Title: Tales of the Pirate Gospel, A somewhat free retelling of the Gospel of Mark
Author: Andrew Moody
Publisher: Brightmettle Press, Digital Publishing, 2015, 72 pages
Copy Source: purchased as an Amazon Kindle ebook (currently published in digital format only)
I heard about Tales of the Pirate Gospel through a YouTube video, made by a friend of the author. I purchased the book fully expecting to enjoy it, and I did, though I quickly discovered that I have an unexpectedly low saturation point when it comes to pirate-ese.
There were many things to like about this retelling, including the titles of the chapters such as Of His First Appearin’ and Through the Jaws o Death. The rewording of the parables into pirate tales were a high point, and I enjoyed the dialogue in particular. Periodically, a graphic illustration is inserted (a “verse” along with a black silhouette), enhancing and repeating a key passage.
Being a “somewhat free retelling,” as explained in the author’s preface, there are differences between this and the original that go beyond grammar. The geography of the region is altered to fit the retelling, making it possible for Jesus to be the Capt’n of the World as well as the capt’n of a sailing vessel which transports him and his twelve “officers” from city to city. There is a Map of Pirate Judea at the end of the book which shows the geography as used in this retelling, as well as in the publisher’s book trailer:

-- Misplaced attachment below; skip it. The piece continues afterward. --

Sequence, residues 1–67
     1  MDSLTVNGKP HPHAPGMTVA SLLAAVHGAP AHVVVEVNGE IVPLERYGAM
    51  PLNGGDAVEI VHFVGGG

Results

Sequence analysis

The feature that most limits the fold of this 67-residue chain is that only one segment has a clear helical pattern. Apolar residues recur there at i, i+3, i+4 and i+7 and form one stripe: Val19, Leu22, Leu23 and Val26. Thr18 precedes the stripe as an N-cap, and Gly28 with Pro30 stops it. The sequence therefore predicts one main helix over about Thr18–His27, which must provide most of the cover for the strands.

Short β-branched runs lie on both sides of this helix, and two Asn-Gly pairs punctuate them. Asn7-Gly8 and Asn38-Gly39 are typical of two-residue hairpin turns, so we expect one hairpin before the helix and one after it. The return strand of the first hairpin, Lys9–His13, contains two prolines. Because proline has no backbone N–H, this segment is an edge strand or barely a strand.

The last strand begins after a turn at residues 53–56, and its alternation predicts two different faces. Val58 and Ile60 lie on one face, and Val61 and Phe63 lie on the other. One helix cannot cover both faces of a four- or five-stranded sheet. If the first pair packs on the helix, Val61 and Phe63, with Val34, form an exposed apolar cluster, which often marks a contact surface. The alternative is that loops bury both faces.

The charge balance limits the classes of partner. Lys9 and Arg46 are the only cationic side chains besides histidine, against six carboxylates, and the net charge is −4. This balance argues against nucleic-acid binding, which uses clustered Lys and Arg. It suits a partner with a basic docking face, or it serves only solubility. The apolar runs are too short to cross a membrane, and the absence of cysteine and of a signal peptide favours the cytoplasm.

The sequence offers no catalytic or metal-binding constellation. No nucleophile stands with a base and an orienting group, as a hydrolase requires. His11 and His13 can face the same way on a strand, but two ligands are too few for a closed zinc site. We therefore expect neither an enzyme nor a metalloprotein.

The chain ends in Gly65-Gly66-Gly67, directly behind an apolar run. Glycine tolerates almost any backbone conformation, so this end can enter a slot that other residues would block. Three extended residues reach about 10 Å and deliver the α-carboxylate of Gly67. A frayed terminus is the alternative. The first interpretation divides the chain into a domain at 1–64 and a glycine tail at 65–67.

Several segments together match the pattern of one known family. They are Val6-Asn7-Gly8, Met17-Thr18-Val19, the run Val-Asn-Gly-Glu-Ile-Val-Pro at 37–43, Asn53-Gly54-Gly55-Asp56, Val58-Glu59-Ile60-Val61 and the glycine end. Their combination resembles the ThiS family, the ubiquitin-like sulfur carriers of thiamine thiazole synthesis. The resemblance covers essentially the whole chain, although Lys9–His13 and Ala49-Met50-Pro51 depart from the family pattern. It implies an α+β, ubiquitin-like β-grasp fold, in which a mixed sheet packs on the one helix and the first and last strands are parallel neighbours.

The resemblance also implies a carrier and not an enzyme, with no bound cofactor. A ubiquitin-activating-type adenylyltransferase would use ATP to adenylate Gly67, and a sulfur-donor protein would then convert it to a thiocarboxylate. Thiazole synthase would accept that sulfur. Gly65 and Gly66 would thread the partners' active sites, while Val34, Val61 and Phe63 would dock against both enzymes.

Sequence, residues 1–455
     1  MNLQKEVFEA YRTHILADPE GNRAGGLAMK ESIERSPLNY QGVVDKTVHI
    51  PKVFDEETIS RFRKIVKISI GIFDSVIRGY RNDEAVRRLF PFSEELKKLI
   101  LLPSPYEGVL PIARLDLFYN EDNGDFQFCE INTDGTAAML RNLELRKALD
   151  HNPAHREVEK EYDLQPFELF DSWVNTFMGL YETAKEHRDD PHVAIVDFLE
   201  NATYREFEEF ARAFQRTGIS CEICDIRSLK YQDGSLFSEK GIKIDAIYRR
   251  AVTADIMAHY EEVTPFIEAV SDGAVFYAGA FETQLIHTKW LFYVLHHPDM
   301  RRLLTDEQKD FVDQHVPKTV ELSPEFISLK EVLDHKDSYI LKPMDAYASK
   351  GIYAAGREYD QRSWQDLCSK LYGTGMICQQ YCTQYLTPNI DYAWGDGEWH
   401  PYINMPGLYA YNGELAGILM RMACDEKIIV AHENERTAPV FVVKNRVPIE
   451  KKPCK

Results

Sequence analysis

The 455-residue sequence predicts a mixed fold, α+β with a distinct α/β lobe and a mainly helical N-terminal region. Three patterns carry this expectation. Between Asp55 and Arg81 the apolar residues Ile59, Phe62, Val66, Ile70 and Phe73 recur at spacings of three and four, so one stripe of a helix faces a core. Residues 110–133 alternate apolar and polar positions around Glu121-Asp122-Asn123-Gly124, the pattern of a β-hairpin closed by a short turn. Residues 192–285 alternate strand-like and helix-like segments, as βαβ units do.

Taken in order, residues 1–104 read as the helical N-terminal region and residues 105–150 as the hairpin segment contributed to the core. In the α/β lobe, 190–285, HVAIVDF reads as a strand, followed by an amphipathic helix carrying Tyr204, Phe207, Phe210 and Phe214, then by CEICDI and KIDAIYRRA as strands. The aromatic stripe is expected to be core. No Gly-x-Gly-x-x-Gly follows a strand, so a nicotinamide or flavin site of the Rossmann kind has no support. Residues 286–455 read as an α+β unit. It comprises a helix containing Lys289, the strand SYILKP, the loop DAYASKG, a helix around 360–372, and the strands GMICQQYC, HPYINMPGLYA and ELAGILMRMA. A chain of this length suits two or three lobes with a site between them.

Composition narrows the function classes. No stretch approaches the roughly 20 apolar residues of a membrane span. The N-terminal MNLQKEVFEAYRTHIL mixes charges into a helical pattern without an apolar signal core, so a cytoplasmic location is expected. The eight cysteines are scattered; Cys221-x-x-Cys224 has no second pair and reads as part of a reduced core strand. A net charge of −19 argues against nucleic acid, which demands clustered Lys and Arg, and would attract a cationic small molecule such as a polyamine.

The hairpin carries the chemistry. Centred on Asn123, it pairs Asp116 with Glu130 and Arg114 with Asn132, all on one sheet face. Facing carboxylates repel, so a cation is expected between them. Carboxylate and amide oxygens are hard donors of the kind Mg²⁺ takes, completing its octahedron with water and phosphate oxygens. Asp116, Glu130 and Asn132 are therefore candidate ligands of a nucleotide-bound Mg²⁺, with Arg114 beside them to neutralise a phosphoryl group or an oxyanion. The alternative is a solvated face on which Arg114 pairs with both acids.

All of the major players are included, such as John the Baptizer and Judas the dagger man. The Gospel is still the same in essentials, just put through a pirate filter and stirred up a bit to make it work as a pirate tale.
While some verses are left out, there were no theological issues that I noticed (though not a theologian, I can claim a lifetime of familiarity and many readings of the original KJV text). The one point where I was unsure, I looked at the source material and found that I had been thinking of another of the Gospels.
I purchased Tales of the Pirate Gospel thinking that it would be a fun shared reading with my 13 year old nephew. And while he humored me for a chapter, he let me know that it would be perfect to read to younger kids. He also mentioned his surprise that it was amusing rather than funny. I agreed on both counts.
4/5 stars – though I had to take this short book in small doses, it is an amusing and clever retelling of the Gospel of Mark.